Revisiting my CD Collection: Rage Against the Machine, Rage Against the Machine

2001

 

Rage Against the Machine stood for power. They were all about the power the common people had, the power authorities abused, the power of music. The defining theme of this album is clear in every snare hit, every menacing bass riff. The politics may not hold much appeal for those looking to get their stomp on, but the music will make a believer out of you.

Some knowledge of the band’s catalogue was a requirement for guitarists and bassists at Greenwood Academy. It was expected that you’d know a couple of riffs at the least, probably Killing in the Name. Their songs are insanely good fun to play, technically demanding but not intricate, primal and brutal in their simplicity. The difficulty isn’t in imitating, but in replicating their sheer aural force. There’s a popular misconception that power is born only from volume and the number of instruments you can throw on a song, and while RATM certainly have volume in spades, their instrumentation is surprisingly sparse. The power comes from the passion with which they play, the tightness of their rhythm (recorded in an age before computers would align your performance into perfect time) and the inimitable sound of the album.

And this is one incredible sounding album. Find yourself a halfway-decent pair of headphones, turn it up and revel in the glory of brutal sound that doesn’t fall apart into mush when you dare to nudge that volume slider. It’s always crystal clear what’s going on, and it translates into grooves that just won’t quit.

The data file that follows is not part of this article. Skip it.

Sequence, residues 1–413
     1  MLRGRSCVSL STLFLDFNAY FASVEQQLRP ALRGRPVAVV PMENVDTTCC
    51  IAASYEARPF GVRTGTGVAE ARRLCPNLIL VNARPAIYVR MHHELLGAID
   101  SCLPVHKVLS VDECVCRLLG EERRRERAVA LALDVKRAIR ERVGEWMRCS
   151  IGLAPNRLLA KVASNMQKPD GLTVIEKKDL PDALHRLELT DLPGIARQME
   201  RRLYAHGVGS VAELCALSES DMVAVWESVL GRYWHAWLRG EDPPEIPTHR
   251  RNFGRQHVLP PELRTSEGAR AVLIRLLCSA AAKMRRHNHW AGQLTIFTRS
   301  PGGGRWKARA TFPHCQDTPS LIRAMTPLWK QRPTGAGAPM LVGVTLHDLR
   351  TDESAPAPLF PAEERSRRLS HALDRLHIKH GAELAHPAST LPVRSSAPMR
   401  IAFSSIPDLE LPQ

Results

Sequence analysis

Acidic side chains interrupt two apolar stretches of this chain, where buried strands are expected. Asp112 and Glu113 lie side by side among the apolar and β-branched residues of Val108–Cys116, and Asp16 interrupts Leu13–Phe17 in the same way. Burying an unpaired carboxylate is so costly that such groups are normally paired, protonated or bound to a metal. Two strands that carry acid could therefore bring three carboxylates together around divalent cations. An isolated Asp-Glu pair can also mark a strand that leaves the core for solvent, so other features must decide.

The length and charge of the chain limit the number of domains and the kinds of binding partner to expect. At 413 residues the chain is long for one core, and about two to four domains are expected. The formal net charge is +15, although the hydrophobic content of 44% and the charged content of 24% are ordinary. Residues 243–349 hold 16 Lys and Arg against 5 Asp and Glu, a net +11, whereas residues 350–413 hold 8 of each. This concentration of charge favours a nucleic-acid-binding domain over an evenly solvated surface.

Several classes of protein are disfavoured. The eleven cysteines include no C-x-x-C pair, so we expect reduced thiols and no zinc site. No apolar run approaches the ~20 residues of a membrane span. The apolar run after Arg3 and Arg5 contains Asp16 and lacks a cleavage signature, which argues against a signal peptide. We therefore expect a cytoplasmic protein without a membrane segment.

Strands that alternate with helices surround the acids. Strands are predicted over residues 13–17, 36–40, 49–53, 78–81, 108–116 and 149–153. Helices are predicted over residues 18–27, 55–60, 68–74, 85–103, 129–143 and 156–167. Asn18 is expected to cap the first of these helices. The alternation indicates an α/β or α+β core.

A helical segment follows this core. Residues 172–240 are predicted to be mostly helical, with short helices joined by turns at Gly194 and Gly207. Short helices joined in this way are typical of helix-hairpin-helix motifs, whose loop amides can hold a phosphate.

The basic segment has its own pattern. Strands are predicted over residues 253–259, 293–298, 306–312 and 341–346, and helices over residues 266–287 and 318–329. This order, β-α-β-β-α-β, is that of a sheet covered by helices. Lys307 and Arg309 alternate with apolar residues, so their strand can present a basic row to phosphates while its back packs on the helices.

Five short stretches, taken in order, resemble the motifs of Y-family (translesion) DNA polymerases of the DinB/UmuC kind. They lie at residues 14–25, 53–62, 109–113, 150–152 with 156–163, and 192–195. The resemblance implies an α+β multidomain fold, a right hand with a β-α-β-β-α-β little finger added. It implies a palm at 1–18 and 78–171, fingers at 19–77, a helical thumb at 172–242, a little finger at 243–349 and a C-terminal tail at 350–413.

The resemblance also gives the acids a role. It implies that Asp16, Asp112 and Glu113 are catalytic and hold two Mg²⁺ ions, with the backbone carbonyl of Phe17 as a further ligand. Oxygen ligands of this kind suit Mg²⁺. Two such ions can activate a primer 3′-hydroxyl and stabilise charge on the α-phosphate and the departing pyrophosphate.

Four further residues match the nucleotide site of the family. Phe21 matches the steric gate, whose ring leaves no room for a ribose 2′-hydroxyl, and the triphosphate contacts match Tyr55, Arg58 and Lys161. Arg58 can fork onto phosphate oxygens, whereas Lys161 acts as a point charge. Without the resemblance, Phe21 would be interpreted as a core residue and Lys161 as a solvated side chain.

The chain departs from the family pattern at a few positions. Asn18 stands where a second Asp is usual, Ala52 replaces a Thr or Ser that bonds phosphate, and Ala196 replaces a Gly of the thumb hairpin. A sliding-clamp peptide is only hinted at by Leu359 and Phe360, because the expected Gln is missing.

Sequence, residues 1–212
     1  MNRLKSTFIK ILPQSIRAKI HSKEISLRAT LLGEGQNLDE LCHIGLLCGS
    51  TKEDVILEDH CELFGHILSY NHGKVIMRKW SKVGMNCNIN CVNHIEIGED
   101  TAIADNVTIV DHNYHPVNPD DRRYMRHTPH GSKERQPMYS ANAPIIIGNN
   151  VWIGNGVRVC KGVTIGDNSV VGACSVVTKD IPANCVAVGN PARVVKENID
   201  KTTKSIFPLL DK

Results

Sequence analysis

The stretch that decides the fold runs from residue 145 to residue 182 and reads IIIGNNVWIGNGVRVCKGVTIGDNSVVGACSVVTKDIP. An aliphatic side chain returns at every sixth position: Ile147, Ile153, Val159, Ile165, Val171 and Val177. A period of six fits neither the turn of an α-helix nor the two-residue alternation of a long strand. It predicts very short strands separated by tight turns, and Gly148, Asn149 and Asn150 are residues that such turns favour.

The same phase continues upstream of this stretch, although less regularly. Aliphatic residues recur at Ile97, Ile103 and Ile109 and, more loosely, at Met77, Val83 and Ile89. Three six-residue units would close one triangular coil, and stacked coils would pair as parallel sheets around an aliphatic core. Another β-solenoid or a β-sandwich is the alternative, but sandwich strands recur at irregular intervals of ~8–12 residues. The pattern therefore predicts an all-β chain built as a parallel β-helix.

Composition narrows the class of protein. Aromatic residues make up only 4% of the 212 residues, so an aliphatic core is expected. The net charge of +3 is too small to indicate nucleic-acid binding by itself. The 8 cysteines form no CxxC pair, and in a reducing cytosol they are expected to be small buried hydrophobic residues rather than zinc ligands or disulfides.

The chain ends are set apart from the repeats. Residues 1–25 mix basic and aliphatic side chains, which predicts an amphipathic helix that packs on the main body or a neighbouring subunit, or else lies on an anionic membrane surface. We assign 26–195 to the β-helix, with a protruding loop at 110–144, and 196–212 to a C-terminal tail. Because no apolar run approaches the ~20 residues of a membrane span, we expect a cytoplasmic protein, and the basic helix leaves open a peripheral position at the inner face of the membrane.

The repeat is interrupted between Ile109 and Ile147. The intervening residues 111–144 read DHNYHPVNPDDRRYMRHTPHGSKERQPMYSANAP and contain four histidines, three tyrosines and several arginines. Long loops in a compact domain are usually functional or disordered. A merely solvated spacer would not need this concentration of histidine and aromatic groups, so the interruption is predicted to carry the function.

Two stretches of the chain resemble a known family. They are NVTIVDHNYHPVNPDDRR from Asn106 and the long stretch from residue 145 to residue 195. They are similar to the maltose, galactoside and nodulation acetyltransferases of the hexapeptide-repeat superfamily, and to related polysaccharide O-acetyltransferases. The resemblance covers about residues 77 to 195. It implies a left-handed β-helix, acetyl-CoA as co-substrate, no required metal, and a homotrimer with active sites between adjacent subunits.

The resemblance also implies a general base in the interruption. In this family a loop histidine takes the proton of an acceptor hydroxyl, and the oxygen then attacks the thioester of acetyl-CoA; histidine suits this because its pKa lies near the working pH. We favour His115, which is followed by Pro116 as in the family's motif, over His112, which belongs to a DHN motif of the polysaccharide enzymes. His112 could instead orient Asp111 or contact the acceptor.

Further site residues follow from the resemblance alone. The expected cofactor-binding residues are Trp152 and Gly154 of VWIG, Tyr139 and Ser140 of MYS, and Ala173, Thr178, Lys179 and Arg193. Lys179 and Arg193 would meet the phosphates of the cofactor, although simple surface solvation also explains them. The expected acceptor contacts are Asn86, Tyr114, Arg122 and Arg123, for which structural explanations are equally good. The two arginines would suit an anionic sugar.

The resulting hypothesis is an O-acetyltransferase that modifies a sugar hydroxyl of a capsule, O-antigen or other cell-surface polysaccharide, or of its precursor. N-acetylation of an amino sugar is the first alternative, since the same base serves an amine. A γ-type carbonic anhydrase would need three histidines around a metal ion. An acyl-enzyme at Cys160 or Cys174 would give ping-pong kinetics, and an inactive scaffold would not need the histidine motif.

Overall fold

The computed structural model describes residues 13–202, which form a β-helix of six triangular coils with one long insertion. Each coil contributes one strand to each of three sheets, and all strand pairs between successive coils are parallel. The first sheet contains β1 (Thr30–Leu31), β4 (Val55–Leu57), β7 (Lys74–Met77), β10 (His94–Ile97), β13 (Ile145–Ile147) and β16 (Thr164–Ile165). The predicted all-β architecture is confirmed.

Sadly, as a result of their talent for inspiring misguided teenagers to buy Che Guevara t-shirts and pretend to understand socialism, you won’t find many espousing their virtues these days.  While I’ve yet to hear anyone say Rage Against the Machine were a bad band, it seems that the time in which you could list them as one of your favourites is gone for now.  They’re passé, but unlike any band who was subject to fads or a commercial image, they won’t stay that way.  Like I said, the politics might not appeal to anyone over the age of 20, but genuine passion can’t be ignored forever.

I’d never stick Rage Against the Machine on at a party, nor would I listen to them alone unless I was feeling particularly nostalgic for days of yore, but their eponymous debut stands as a symbol of what can be achieved when a small group of passionate, focused and hard-working people get together with a couple of instruments to make a point. Rage Against the Machine knew what they were about, and you don’t need to use your imagination to hear that power twenty years later.

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